A bolt is an externally threaded fastener designed for insertion through holes in assembled parts, and is normally intended to be tightened or released by torquing a nut. A screw is an externally threaded fastener capable of being inserted into holes in assembled parts, of mating with a preformed internal thread or forming its own thread, and of being tightened or released by torquing the head. An externally threaded fastener which is prevented from being turned during assembly and which can be tightened or released only by torquing a nut is a bolt. (Example: round head bolts, track bolts, plow bolts.) An externally threaded fastener that has thread form which prohibits assembly with a nut having a straight thread of multiple pitch length is a screw. (Example: wood screws, tapping screws.) ASME B18.2.1
CapscrewsCap screws with a hexagonal head are designed to be driven by a wrench (spanner). An ASME B18.2.1 compliant hex cap screw has somewhat tighter tolerances than a hex bolt for the head height and the shank length. The nature of the tolerance difference allows an ASME B18.2.1 hex cap screw to always fit where a hex bolt is installed but a hex bolt could be slightly too large to be used where a hex cap screw is designed in. The bearing surface of a hex cap screw is flat and washer faced.
Carriage BoltsA carriage bolt or coach bolt has a domed or countersunk head, and the shank is topped by a short square section under the head. The square section grips into the part being fixed (typically wood), preventing the bolt from turning when the nut is tightened. A rib neck carriage bolt has several longitudinal ribs instead of the square section, to grip into a metal part being fixed. Carriage bolts are designed to be used in applications that require a low profile head.
Elevator BoltsElevator bolts are similar to a carriage bolt, except the head is thin and flat. There are many variations. Some do not have a square base, but rather triangular sections of the flat head are folded down to form "fangs" that cut into wood and hold it secure.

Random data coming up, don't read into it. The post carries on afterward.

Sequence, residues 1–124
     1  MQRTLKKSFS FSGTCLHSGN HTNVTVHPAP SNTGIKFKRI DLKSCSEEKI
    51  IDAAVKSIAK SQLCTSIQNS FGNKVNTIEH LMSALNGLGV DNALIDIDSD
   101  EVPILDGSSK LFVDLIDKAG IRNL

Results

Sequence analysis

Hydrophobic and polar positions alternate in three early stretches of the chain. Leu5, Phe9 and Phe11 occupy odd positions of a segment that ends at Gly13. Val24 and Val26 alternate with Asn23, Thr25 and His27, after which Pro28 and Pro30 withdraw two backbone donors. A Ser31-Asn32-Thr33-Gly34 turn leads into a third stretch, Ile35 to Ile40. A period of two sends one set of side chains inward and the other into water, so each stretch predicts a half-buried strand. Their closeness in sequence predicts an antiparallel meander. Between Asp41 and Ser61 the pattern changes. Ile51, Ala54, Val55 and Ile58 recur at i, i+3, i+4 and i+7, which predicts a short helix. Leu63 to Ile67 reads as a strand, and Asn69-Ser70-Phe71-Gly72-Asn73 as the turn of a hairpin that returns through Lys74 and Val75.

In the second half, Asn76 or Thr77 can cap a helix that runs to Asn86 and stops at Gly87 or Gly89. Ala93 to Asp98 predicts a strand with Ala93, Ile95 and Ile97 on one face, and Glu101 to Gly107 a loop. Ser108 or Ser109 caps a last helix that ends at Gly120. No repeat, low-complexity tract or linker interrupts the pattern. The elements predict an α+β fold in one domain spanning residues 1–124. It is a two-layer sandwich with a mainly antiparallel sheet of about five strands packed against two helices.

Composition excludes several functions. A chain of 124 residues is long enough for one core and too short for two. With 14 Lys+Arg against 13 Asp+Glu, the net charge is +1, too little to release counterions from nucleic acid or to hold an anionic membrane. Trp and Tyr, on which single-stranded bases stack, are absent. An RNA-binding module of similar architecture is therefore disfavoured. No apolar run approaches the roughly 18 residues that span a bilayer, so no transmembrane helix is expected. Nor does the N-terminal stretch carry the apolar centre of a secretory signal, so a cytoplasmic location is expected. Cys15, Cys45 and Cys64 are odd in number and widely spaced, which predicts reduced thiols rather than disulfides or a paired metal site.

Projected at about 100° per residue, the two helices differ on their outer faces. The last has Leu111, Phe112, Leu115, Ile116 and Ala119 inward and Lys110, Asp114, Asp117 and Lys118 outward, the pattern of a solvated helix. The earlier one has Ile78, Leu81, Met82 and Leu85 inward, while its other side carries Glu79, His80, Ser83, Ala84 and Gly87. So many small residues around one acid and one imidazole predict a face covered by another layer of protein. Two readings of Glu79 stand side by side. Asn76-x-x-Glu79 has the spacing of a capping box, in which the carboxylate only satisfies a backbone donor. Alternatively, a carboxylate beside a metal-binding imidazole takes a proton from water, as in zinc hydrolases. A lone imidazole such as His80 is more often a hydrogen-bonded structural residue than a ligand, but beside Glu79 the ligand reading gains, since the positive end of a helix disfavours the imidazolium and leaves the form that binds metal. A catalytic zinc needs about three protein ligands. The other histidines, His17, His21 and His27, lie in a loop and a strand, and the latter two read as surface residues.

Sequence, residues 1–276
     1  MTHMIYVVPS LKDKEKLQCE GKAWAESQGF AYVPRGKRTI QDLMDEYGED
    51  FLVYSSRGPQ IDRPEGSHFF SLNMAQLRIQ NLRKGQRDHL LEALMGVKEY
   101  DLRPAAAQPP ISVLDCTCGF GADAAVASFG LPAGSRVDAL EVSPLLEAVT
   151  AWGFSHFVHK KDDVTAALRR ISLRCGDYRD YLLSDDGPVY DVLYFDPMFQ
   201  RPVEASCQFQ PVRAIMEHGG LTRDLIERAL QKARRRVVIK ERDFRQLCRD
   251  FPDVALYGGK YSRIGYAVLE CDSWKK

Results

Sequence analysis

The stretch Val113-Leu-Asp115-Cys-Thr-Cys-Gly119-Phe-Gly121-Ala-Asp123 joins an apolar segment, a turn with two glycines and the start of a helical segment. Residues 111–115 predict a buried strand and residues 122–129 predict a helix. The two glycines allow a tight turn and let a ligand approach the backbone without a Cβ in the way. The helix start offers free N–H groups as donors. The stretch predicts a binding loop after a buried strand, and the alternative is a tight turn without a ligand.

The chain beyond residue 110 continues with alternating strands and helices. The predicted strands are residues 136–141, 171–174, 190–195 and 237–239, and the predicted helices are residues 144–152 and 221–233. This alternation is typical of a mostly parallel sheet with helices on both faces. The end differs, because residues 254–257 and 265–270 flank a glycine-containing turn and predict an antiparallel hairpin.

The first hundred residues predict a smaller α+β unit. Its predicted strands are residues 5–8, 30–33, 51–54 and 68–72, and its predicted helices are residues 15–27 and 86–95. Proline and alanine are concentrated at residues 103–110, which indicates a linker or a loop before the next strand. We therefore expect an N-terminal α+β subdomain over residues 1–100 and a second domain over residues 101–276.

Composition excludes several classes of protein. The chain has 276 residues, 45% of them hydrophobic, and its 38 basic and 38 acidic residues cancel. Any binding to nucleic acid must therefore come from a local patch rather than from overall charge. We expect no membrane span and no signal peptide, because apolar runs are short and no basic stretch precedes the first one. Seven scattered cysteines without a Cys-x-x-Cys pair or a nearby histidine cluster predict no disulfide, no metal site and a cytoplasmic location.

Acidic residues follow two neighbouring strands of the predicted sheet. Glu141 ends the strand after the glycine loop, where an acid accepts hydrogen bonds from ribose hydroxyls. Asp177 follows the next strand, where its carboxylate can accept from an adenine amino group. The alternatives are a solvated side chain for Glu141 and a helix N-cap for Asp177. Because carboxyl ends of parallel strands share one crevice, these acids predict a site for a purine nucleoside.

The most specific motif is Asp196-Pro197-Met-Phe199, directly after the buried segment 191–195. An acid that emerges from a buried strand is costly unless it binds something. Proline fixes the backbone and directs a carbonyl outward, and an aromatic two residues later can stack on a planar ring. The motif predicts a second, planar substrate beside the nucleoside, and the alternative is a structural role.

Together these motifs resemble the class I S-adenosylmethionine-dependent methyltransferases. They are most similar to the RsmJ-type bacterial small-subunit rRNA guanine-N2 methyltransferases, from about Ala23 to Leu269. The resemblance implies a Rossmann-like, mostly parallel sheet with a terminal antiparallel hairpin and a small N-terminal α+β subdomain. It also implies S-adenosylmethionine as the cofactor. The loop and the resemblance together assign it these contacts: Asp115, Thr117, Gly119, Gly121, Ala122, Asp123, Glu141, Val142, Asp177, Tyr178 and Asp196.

Eye BoltsEye Bolts are bolts with a looped head that is forged without welds. They can be used in various assemblies or secured in a variety of materials such as wood depending on the specific type of eye bolt used. They are commonly used for tie-downs, lifting and attaching cables.
Flange BoltsFlange Bolts, also called Hex Flange Screws an sometimes Frame Bolts, incorporate a large bearing face (flange) into a one piece head design. The large bearing area under the head distributes clamp load over a larger area to resist fatigue loads; minimizes indentation of the head into the material being bolted together to prevent loosening; increases the heads resistance to rotation to prevent loosening in high vibration applications; and eliminates the need for a flat washer.
Hangar BoltsHangar bolts are a headless fastener that has machine screw threads on one end and self-tapping threads on the other designed to be driven into wood or another soft substrate. Often used for mounting legs on tables.
Hex BoltsHex Bolts are often confused with hex cap screws thanks to their similar hexagonal head. An ASME B18.2.1 compliant hex bolt is built to different tolerances than a hex cap screw and does not have the washer faced bearing surface like a cap screw. Tap Bolts are hex bolts that are fully threaded.
Lag BoltsTypically square or hex headed, lag bolts have a gimlet point and self-tapping threads and are used to secure assemblies to wood.
Sex BoltsA Sex Bolt, also known as a barrel nut, barrel bolt, Chicago screw or post and screw, is a type of fastener (nut) which has a barrel-shaped flange and protruding boss that is internally threaded. The boss sits within the components being fastened, and the flange provides the bearing surface. The sex bolt and accompanying machine screw sit flush on either side of the surfaces being fastened. It is normally chosen because of its low profile compared to other nuts. The sex bolt often has a built-in feature, such as a slot, to aid in tightening the fastener. Some sex bolts, more commonly known as architectural bolts, have knurled barrels to allow one-sided assembly. Binding posts are similar to architectural bolts in that they are designed to be assembled from one side, but they have teeth on the flanged surface to keep them fixed. They were originally designed for the printing industry to bind large catalogs together.
Shoulder BoltsA shoulder bolt, or shoulder screw or stripper bolt differs from machine screws and other bolts in that the shank is ground to a precise diameter, known as the shoulder, and the threaded portion is smaller in diameter than the shoulder. Shoulder bolt specifications call out the shoulder diameter, shoulder length, and threaded diameter; the threaded length is fixed, based on the threaded diameter, and usually quite short. It is usually used for revolving joints in mechanisms and linkages; when used as a guide for the stripper plate in a die set its called a stripper bolt.